Posts Categorized: Meat

Grain fed vs Grass fed beef dinner with Ron O’Bryan

strong>What: Beef tasting and education Chef: Ron O’Bryan When: Tuesday 20th September, from 7pm Where: The Vine Hotel  59 Wellington St (cnr Derby) Collingwood How much: $75 a person, including wine from Syrahmi and Foster e Rocco. Booking: Tickets are available via EventArc Cows eat grass, right?  Well yes, but beef raised for meat can be fed grass, grain or a mixture of both. Dusty feedlots, grassy knolls, Angus, Chianina, Belties, Wagyu – just what do you get for your money? Can y0u taste the difference? And what about ageing? is vacuum packed meat a good thing or a bad thing? We’re lucky in Australia, we have access to a wide range of beef which experience a wide range of growing conditions, but how do you  know what is the best choice for taste, texture, value and the environment? Check out more here at the Fringe Food Festival site.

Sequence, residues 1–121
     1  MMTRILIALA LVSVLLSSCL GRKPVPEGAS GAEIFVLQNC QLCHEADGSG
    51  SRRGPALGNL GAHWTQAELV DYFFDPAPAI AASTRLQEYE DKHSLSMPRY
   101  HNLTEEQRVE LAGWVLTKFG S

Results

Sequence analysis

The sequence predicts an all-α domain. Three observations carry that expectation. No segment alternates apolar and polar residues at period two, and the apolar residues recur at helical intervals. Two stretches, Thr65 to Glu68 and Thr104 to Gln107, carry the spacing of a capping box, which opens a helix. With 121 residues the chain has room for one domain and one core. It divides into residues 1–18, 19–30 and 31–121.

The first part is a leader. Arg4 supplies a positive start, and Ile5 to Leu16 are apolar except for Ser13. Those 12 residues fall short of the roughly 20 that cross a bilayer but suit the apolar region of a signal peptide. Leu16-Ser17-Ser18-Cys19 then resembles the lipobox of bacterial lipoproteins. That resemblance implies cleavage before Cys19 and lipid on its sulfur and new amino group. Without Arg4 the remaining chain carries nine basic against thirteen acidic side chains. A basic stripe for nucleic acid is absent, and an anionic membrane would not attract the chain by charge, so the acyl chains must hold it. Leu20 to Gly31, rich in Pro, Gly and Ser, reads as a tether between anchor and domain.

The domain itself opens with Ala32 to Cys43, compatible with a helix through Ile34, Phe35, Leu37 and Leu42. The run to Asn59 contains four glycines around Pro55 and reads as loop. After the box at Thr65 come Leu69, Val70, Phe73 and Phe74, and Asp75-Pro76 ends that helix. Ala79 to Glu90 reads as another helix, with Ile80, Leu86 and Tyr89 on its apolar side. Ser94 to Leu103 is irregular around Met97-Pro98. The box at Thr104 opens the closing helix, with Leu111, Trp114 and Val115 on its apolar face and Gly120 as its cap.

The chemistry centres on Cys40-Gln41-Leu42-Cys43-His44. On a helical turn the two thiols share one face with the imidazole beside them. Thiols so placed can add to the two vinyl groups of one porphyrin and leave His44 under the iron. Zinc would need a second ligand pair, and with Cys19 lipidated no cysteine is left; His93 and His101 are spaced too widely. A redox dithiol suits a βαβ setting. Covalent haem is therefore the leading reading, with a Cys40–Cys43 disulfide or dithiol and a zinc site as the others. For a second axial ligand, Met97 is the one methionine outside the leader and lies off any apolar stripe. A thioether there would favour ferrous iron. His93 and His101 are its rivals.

Jamon wagyu special

I mentioned in my column today that Jamon (3 Murphy St, South Yarra +61 9804 5710) was between Tuesday 8 and Saturday 12 may holding one of it’s Wagyu weeks with lunch at $120 and supper $250. Last year I wrote about one of the lunches for the Australian’s Travel & indulgence section. You can find the full story here and the pictorial evidence on this blog here. The thing I really enjoyed about the meal was the jorney is textures and tastes he took us upon. At the time I said: “Appreciative noises fill the room. Meanwhile, Greenfield’s chopsticks pluck cold soba noodles and fold them into bowls with seaweed and jellied ox-tail soup. Cooked tail contrasts with sashimi of rib and the slime of woodear mushrooms. Each ingredient retains its flavour. The first bite of noodles – almost al dente but not quite – is crunchy. The cooked meat is soft; the raw, chewy. “More noise and Greenfield hits us with another dish. He is improvising now with a handful of morels, lightly poached. He chops raw eye fillet to stuff the hollow mushroom – another simpler version of tartare. Into 300-year-old Japanese cups, he places the stuffed fungi with a little mushroom flavoured stock.”